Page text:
At first glance, it appears impossible to say that Langway was the better overall player. In those two years, he was on the ice for 25 fewer goals, but was outscored by 157 pts! However, there are other factors to consider:

- Penalty-killing. Langway was an excellent penalty-killer while Coffey wasn't. This gives Langway an advantage. How many points is an excellent penalty-killer worth?

- Opposition. Langway played close to 30 minutes per night against the other team's best offensive players, while Coffey generally played the opposition's best defensive players. This inflated the number of goals scored against Langway and understated the number of goals scored against Coffey. So Langway was better than the numbers indicate (but it's impossible to say how much better)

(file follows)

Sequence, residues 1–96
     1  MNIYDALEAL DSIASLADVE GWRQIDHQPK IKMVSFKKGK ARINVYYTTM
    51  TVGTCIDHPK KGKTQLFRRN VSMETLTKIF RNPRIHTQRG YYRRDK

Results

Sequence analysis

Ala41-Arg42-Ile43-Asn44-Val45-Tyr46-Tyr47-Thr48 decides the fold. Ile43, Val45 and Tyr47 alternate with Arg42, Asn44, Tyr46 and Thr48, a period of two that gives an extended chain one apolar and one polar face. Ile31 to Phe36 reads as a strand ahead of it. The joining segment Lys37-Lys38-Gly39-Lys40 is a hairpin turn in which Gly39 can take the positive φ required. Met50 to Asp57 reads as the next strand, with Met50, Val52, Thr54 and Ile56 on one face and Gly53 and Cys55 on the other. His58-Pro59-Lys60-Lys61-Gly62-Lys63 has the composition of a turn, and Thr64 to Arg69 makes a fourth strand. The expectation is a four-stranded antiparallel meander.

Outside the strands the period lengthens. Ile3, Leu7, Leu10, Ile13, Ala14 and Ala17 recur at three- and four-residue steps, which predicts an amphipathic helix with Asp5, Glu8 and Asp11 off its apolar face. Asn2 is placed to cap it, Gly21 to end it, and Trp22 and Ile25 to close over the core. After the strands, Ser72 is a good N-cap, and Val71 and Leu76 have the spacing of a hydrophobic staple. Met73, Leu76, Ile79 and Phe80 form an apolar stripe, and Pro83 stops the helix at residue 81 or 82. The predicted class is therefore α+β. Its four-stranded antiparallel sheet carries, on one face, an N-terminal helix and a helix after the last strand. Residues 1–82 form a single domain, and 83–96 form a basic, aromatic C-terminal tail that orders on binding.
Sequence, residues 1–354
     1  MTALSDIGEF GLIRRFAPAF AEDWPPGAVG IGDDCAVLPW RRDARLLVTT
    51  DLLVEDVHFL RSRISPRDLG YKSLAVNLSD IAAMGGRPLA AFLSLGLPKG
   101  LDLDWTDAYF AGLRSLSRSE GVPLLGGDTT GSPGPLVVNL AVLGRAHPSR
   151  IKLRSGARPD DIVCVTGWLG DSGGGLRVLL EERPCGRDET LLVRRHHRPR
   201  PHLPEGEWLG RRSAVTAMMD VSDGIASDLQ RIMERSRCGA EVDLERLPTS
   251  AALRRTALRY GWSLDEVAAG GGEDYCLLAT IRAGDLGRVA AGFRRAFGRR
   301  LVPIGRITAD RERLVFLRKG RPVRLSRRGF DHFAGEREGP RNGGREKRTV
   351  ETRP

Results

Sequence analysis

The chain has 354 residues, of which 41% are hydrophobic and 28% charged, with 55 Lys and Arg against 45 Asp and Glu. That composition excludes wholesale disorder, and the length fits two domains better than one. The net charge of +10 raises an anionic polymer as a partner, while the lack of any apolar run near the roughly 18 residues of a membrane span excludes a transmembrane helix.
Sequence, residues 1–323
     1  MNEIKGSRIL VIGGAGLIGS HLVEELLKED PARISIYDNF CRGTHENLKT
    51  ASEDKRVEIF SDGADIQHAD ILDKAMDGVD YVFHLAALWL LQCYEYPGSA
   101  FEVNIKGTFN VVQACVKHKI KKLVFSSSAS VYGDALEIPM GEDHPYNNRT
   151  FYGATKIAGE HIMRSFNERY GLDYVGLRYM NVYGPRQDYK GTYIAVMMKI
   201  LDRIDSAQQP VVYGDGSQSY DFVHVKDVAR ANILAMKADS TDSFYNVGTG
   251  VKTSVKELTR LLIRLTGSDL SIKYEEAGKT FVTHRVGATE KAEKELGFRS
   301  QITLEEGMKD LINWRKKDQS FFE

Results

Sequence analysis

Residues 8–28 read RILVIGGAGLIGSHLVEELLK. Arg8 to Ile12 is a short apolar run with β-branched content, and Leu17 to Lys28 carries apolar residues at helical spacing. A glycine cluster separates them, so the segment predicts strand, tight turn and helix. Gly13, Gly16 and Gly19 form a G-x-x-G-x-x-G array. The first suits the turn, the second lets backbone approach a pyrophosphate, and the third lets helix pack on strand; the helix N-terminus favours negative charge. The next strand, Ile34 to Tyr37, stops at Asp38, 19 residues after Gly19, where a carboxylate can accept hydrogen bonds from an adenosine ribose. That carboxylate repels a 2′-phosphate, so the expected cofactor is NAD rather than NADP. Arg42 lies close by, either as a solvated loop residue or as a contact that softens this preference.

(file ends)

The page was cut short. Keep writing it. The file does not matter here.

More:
- Ice time. Ice time wasn't tracked back then, but I'm fairly sure they both played around 28-30 minutes per game, so this isn't a major factor in the comparison.

- Teammates. In 1983 the Capitals were a better defensive team, by 32 goals. In 1984, the Capitals were a better team by 88 goals. Obviously the Capitals were a better defensive team than Edmonton. On one hand, you can give credit to Langway since he was the key player in the Capitals' excellent defense. On the other hand, you can credit Coffey for putting up relatively good defensive numbers on such a bad defensive team.

Overall I'd find it hard to give Langway the Norris in '83 or '84. He was on the ice for approximately the same number of goals as Coffey and was outscored by 75 pts per year. The "subjective" factors don't give him a strong enough boost to overcome his deficit in scoring.